Eastern Cape, South Africa – Seventeen scientists from across the Eastern Cape have launched a collaborative, two-year project to develop a marine spatial plan for Algoa Bay that harnesses the collective expertise of researchers in the natural sciences, humanities and law. The project marks the first step in developing a local marine spatial plan for South Africa.
Led by principal investigator Prof Rosemary Dorrington from Rhodes University (RU) and co-investigator Prof Amanda Lombard from Nelson Mandela University (NMU), the team includes 15 other lead researchers from institutions in the Eastern Cape including the University of Fort Hare, the South African Institute for Aquatic Biodiversity (SAIAB) and the South African Environmental Observation Network (SAEON, in addition to RU and NMU). More than fifty additional scientists will contribute to the project. Both Dorrington and Lombard are SARChI Professors (SARChI, the South African Research Chairs Initiative, is a joint programme of the National Research Foundation and the Department of Science and Technology to promote excellence in research and innovation).
The Algoa Bay project is funded through the NRF’s Communities of Practice program, which promotes strategic research partnerships to conduct research that solves societal challenges and influences policy.
The project aligns with the objectives of South Africa’s National Development Plan. More than 40% of South Africans live near a coastline and the country has more ocean territory than it has land. In 2014, government launched “Operation Phakisa” to unlock the economic potential of the oceans by developing the ‘Blue Economy’. One of the three pillars of this endeavour is marine spatial planning.
Prof Lombard, SARChI Professor of Marine Spatial Planning at NMU, explains, “Marine spatial planning is about using marine resources sustainably. We bring together all the data and everyone with an interest in the oceans—government, fisheries, shipping, energy, tourism, conservation and recreation—to make coordinated, evidence-based decisions about how to use resources and manage our oceans. The goal is to optimise economic opportunities without compromising the environment.”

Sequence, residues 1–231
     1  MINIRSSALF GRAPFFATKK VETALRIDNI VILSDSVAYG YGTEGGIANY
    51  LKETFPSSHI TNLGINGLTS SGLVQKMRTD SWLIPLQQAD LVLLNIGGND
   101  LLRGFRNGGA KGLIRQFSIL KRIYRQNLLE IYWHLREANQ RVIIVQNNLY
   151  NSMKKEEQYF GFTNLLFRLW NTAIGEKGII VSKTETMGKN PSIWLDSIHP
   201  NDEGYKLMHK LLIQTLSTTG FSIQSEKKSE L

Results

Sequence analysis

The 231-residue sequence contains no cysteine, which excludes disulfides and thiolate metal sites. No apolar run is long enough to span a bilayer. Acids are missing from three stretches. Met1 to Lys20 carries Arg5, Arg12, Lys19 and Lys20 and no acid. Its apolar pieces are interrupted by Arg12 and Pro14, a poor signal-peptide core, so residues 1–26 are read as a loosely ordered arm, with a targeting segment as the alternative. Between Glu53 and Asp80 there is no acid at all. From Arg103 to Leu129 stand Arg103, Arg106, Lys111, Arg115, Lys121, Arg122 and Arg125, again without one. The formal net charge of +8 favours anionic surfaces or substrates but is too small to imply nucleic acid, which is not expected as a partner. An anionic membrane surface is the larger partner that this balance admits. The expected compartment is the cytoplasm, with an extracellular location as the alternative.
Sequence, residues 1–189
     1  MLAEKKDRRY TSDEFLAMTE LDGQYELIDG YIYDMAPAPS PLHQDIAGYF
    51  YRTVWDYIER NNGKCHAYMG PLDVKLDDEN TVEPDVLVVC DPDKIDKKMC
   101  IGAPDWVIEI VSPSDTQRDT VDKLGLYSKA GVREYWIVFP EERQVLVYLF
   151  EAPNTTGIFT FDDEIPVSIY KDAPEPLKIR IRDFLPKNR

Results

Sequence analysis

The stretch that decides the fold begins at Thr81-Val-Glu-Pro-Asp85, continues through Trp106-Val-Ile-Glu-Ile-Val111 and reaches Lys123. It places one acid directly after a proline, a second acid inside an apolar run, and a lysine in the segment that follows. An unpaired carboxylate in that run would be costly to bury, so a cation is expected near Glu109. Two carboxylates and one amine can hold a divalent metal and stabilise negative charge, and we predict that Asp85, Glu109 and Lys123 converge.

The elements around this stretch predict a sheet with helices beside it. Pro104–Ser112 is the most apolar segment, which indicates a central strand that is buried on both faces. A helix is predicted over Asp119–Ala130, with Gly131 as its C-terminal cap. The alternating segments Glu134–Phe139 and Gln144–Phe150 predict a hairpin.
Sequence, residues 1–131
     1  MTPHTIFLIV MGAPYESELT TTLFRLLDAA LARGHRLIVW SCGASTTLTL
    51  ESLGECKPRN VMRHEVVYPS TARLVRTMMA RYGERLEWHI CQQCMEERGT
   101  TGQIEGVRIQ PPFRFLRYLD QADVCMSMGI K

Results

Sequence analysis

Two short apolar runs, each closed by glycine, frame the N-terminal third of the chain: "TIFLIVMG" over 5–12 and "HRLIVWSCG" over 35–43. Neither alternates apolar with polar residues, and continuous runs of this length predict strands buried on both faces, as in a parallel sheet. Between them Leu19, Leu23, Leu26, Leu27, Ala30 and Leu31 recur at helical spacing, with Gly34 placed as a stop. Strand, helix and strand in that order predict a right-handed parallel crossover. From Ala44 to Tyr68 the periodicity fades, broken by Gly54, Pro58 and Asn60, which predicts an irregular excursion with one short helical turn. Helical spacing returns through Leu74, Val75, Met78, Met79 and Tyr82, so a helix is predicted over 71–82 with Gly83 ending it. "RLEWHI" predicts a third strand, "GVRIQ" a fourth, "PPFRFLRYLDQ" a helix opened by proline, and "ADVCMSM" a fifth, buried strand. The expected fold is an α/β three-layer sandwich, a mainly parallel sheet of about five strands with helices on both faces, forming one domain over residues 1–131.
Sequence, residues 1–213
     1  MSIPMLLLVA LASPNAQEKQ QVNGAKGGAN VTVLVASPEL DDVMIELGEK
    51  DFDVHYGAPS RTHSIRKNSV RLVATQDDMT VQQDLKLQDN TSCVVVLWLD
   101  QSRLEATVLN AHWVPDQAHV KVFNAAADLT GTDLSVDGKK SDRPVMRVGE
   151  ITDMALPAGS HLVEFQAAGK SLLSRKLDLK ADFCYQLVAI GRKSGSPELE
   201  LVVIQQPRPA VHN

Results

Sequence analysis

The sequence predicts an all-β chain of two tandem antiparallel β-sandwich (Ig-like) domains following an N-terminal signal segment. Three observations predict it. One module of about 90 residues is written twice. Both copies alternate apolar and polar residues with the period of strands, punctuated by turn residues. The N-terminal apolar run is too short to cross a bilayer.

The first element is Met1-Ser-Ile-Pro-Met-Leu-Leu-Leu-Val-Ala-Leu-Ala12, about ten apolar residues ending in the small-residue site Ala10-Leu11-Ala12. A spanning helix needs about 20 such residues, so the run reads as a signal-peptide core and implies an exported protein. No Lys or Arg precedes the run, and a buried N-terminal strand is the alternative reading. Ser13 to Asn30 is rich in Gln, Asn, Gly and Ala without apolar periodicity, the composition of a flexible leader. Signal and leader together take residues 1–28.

The marine spatial plan for Algoa Bay will provide a case study on fulfilling the requirements of the new Marine Spatial Planning Bill, which dictates that four regional area plans will be consolidated into a national plan.
Prof Dorrington, SARChI Professor of Marine Natural Products at RU says, “We’re delighted to have earned funding from the NRF for this project, which draws together a multidisciplinary group of researchers. The Eastern Cape is often overlooked as a centre for marine research and development, but we have excellent researchers, including six SARChI professors working in the marine sciences.”
Dorrington continues, “We’re harnessing our collective expertise on a project of critical national importance that will attract scientists and entrepreneurs to the Eastern Cape and develop economic potential to benefit everyone. We’ve brought together experts in law and ocean governance, molecular biology, ecology, marine biology, geography, geology, oceanography, conservation, fisheries, sustainable development—no single researcher could tackle this complex challenge alone.”
The first two years of the project will focus on collating biological and physical data and creating a conservation plan for the Bay. “We’re starting with what we know and what we know is biophysical,” says Prof Lombard. Algoa Bay, which is the site of the SAEON Sentinel Site for Long Term Ecological Research, is the best monitored coastal area in Africa and in the entire Southern Hemisphere and the fauna and flora of the system have been well studied.”
“In the next phase of the project, we’ll focus on people,” says Prof Lombard. “We’ll gather all the stakeholders to map everyone’s needs and goals, from whale watchers to fishers to the Port Authority.” The next step is a legislative and governance framework, followed by combining everything into a draft regional marine spatial plan for Algoa Bay.
Prof Dorrington says, “We’ve reached out to colleagues in the Department of Environmental Affairs to offer our Algoa Bay project, the first of its kind, as a learning experience for scaling up the marine spatial planning process to the entire country.”
Algoa Bay contains ports, estuaries, islands, rocky reefs, dunes and Blue Flag beaches. It is a hotspot for biodiversity including charismatic whales, endangered African penguins, fish, an extraordinary diversity of invertebrates, seaweeds and corals, all of which are important to the functioning and health of the ecosystem. Coastal communities and industries, such as those of the Nelson Mandela Bay Metropolitan Municipality, depend on these resources.
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